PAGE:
MoneyTalks is pleased to present resources for financial literacy. We have listed a number of online programs aimed at Millennials – that’s you!
We also provide some interesting reading, tools, and articles. If you use any of these resources, post a comment or email us at MoneyTalks@gmail.com to let us know how it worked for you.
What is Financial Literacy?
The RAND Corporation, a nonprofit research institution defines Financial Literacy as “knowledge of basic economic and financial concepts, as well as the ability to use that knowledge and other financial skills to manage financial resources effectively for a lifetime of financial well-being.”
Resources and Well-Being
Financial education provides experiences that promote financial literacy (President’s Advisory Council for Financial Literacy (PACFL), 2009). Arguably, persons and institutions with clear goals who engage and share resources in a well functioning economic activity system demonstrate the social impact of a financially literate culture. That is, the well-being of both persons and institutions provides the ultimate metric of the value of financial literacy.
Financial Literacy Programs
After the Financial Crisis of 2008, legislation increased regulation of financial industries at two levels. First, government regulatory organizations pursued greater oversight over the practices of the financial services. Second, new regulations required attention to the financial literacy of consumers and other participants. Financial education initiatives complied with the second regulatory initiative. Given the all but nonexistent history of financial education, the curricula appeared to the public without preliminary evaluation about what programs worked. This situation is generally the norm when programs emerge in the face of great crisis and need. The upside is that the resources become available. The downside is the uncertainty about program effectiveness and efficiency.
And so the cart left the barn before the horse knew it had someplace to go.
At present, evaluation of “What works” is a major concern of financial literacy. The programs listed below were selected because they have some characteristics that are important for effective programs. That is, the programs are sustainable with strong program supports; the programs have clearly identified content and targets; the delivery of the programs is simple; training is available; the content is relevant, and the tasks are effective for mastering the content.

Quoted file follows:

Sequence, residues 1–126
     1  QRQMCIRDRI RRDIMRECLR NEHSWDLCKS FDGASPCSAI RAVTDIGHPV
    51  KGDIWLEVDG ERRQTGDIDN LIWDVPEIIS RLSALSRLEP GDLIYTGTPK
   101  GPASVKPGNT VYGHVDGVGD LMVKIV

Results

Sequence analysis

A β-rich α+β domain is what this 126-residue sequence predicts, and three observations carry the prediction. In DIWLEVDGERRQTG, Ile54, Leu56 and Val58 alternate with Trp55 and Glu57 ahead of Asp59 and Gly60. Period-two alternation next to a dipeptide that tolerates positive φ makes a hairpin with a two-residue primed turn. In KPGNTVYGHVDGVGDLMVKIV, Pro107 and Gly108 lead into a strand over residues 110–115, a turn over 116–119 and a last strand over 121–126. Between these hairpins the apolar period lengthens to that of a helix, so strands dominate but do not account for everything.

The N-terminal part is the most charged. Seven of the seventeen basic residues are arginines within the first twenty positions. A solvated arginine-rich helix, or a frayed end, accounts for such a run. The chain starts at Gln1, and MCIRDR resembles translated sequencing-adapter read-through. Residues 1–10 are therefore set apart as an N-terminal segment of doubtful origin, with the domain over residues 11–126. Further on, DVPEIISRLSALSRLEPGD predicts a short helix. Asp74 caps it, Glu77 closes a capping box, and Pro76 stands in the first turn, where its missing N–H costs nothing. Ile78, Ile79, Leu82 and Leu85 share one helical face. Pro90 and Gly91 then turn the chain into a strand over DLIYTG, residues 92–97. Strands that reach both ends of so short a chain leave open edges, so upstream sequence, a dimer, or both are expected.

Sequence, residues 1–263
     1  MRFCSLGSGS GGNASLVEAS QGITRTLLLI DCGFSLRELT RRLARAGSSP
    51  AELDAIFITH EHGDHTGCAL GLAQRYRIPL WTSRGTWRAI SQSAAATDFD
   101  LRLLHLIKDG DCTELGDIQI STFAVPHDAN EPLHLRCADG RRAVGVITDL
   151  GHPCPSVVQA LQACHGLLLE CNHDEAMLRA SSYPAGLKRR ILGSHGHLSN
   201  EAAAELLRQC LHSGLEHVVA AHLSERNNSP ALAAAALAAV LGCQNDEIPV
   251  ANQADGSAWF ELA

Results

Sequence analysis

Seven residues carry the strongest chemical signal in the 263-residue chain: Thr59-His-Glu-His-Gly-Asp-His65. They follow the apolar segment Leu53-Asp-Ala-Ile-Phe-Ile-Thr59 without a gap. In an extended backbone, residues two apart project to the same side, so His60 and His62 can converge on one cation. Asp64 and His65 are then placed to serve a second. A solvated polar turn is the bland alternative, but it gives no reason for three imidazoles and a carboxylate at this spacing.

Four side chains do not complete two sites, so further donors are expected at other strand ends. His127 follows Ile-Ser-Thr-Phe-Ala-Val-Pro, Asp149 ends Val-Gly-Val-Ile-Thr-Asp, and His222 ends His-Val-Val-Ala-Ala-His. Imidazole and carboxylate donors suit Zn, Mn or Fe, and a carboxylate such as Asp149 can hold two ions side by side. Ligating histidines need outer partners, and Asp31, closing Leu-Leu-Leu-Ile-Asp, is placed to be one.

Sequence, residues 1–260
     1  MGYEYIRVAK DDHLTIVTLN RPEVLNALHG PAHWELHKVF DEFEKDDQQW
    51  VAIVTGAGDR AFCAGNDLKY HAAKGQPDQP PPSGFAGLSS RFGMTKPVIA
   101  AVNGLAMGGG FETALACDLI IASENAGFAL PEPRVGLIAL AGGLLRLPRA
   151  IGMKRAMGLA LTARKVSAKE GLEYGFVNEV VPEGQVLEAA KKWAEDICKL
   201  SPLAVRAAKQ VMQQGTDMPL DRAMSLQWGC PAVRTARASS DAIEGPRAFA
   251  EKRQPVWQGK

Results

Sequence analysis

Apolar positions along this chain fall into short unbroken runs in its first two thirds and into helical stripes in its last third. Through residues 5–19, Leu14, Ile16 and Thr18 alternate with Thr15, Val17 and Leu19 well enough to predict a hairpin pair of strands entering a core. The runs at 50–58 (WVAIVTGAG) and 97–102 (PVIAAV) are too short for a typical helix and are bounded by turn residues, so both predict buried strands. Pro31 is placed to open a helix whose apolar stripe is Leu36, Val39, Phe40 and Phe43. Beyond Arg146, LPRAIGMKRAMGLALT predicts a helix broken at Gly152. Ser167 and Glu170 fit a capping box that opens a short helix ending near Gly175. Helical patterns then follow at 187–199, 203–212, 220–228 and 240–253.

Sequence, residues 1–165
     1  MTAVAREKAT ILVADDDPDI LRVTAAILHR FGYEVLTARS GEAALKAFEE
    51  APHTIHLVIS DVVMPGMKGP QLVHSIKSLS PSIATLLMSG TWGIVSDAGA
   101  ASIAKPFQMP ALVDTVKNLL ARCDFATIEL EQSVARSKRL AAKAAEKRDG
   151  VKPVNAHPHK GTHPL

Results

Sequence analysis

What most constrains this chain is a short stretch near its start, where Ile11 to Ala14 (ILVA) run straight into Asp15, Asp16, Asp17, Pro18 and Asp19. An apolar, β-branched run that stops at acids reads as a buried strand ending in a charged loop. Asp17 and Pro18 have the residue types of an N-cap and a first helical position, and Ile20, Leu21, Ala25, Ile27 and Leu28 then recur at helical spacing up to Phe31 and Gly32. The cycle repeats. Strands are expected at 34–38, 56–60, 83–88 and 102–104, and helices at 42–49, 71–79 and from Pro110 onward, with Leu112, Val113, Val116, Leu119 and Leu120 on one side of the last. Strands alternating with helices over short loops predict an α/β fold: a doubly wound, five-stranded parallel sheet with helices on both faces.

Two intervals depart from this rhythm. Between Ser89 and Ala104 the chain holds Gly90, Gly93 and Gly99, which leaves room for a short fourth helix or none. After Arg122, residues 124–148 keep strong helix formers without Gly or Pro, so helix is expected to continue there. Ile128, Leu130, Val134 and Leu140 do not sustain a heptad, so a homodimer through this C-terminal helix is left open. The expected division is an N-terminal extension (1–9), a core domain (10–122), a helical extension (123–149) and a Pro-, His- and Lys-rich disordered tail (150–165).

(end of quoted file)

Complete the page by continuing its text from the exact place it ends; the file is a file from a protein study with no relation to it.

360 Degrees of Financial Freedom
We also provide some helpful links to other sites:
The websites listed below cover a number of issues for students who borrow during their college years. The last website called Mapping Your Future features a calculator for projecting appropriate debt load given your future career salaray projections.
The Federal Trade Commission (FTC) website provides information about free credit reports. In essence, the Fair Credit Reporting Act (FCRA) requires each of the nationwide credit reporting companies – Equifax, Experian, and TransUnion – to provide a free copy f your credit report, at your request, every twelve months. The FTC website is worth a look to stay current with the agencies they recommend and how you get free services. There are numerous imposter sites that the FTC explains.
In addition, a more comprehensive site is located at the website below and covers the statutes related to consumer protection and money issues.
Identity theft is also addressed on the FTC web pages.
Financial Aptitude Tests
The FDIC website offers a Financial Aptitude Test the F.A.T. IF you go to the website you can answer the 10 true/false questions and get immediate feedback as well as additional information on each topic addressed in the quiz.
A free mobile Money Health Check app is published by the Australian Security and Investment Commission. It gives you a personal assessment of your financial health and recommends action to improve.
The links listed below will send you to a variety of articles that describe and recommend money apps: